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When Gawain first arrives at Arthur's court, it's with two of his brothers and his mother, Morgause, who has come to spy on Arthur. It's not exactly a hero's entrance. Gawain's father, King Lot of Orkeney, is at war with Arthur over the throne, which doesn't bode well for Gawain's relationship with his king.
On the other hand, Gawain is Arthur's nephew through his mother. Being related to the king is a definite advantage for Gawain, and despite his father's belligerence, it's not long before Gawain is a Knight of the Round Table, fighting at Arthur's side at jousts.
Unfortunately, though, Gawain just can't seem to do anything right. In his first adventure, he fails to show mercy to a knight who asks for it, then kills the knight's lady by accident. Big mistake. As punishment, he must ride to Arthur's castle wearing the lady's head around his neck, which is totally humiliating, not to mention totally gross. In his next big adventure, the lady he's supposed to be protecting rides away from him in disgust when he refuses to lend aid to a captured knight. Then Gawain promises another knight to help him win his lady, and ends up sleeping with her instead. Another big no-no.
So, to sum up, Gawain is not courteous to ladies, and he doesn't keep his word. Which means that, as a Knight of the Round Table who has sworn to do these very things, he doesn't exactly excel. We might blame some of Gawain's actions on his personality. After all, the narrator tells us that Gawain was a "passyng hote knyght of nature," which, in medieval medical theory, designates him as choleric, or passionate. He's given to intense rages or fits of temper (590.41). We'll summarize: he's impulsive, hot headed, and a bit of a jerk.
But we can't just write it off as a personality problem. Gawain's biggest problem actually stems from his family. Even after King Lot's war with Arthur ends, his sons, including Gawain, continue the family's aggressive behavior toward the family of King Pellynore, who killed King Lot. Gawain, along with his brothers, ambushes Pellynore's son, Lamorak. This kerfluffle ends with Lamorak being stabbed in the back, which is definitely not how a knight is supposed to go.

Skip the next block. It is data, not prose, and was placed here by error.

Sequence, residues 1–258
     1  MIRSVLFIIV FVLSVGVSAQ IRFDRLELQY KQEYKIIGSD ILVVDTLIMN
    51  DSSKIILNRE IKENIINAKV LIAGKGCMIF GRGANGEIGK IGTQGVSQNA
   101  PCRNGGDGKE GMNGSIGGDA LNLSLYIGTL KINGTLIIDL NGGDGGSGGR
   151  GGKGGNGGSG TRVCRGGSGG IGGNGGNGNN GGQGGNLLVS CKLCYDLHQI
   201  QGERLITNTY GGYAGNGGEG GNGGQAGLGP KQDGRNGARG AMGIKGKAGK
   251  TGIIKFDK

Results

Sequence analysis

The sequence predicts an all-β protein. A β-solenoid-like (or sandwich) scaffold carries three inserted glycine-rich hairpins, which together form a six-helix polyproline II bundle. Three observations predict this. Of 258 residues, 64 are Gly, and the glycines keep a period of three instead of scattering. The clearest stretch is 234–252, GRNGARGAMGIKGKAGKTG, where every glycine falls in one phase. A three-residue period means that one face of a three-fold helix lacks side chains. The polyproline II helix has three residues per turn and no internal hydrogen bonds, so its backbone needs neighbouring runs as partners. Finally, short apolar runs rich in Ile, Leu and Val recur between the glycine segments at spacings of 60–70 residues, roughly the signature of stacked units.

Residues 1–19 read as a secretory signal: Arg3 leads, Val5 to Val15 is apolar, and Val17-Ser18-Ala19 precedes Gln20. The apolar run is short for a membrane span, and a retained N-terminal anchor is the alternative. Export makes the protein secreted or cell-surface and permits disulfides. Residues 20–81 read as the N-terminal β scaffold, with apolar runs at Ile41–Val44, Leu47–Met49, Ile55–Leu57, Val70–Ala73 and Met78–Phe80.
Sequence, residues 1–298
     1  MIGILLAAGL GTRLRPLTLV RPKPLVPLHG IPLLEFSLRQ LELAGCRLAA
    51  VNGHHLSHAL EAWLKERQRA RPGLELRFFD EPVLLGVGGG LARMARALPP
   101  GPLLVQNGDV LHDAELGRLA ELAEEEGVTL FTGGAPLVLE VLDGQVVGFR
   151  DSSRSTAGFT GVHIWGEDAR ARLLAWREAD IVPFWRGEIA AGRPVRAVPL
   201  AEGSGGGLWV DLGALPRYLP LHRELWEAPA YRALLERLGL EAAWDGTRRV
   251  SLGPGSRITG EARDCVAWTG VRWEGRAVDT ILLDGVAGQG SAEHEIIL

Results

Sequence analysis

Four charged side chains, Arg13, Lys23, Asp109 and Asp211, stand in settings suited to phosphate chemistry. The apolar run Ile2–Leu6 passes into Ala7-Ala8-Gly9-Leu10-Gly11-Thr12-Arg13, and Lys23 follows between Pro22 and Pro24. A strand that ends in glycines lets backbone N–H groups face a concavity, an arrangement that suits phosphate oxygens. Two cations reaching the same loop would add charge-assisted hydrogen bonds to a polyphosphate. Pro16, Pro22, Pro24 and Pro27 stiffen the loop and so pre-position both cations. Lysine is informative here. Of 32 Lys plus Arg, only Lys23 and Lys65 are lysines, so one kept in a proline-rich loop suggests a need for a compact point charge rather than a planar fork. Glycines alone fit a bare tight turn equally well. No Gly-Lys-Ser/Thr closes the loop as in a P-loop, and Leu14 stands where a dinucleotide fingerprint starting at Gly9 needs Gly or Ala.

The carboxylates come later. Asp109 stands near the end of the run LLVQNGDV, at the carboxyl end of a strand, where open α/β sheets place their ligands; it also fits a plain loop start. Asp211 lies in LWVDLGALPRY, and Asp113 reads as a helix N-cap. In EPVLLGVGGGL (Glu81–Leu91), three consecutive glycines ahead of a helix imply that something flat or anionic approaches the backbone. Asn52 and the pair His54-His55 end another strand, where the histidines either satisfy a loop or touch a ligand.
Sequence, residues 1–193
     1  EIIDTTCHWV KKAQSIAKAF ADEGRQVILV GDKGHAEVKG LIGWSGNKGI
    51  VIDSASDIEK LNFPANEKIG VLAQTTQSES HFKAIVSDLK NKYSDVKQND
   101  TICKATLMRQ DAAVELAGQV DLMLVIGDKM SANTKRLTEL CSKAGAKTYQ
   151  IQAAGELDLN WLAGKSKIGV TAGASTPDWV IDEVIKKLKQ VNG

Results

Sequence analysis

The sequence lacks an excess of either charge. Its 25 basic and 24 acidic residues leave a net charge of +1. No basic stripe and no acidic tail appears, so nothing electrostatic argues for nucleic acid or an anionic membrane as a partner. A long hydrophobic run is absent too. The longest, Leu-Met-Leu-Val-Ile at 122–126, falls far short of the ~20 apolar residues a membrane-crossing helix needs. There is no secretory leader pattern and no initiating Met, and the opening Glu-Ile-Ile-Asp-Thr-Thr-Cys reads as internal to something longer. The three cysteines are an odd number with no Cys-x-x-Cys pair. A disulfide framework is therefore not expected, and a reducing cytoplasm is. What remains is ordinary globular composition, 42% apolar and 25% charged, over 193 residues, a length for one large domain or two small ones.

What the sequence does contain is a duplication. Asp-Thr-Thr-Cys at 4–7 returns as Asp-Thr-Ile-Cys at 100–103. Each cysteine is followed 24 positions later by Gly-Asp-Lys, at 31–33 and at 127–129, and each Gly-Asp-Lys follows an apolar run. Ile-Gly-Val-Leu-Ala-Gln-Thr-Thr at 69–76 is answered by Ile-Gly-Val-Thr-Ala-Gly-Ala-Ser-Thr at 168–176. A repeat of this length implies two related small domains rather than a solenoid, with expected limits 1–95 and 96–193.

Even just participating in an event with such a dishonorable ending smears Gawain's good name. And it's not like Gawain has to participate, as the example of his brother, Gareth, proves. No one but Gawain is to blame for his bad behavior and his poor handling of family drama. And it has to be said that he doesn't learn from his mistakes. He shows similar hot-headedness in his pursuit of Launcelot, who inadvertently kills Gareth in a battle.
At least at the end of his life poor Gawain tries to make good. He repents of his feud with Launcelot and writes a letter to reconcile with him. This final act is in keeping with Gawain's pattern, which is to do something bad, then feel bad about it and apologize. After all, it's not that Gawain's a bad guy; it's just that he can't seem to get the hang of this whole chivalry thing.
He's stuck in a world of familial honor and personal vendettas that doesn't match up with the chivalric world of Arthur's court, where knights must put honor, courtesy, and loyalty to the king above even family. That's something that Gawain just can't seem to do. In the end, it's this quality that brings about not only his own downfall, but that of Arthur's whole court. Poor guy. If only he'd taken some anger management classes.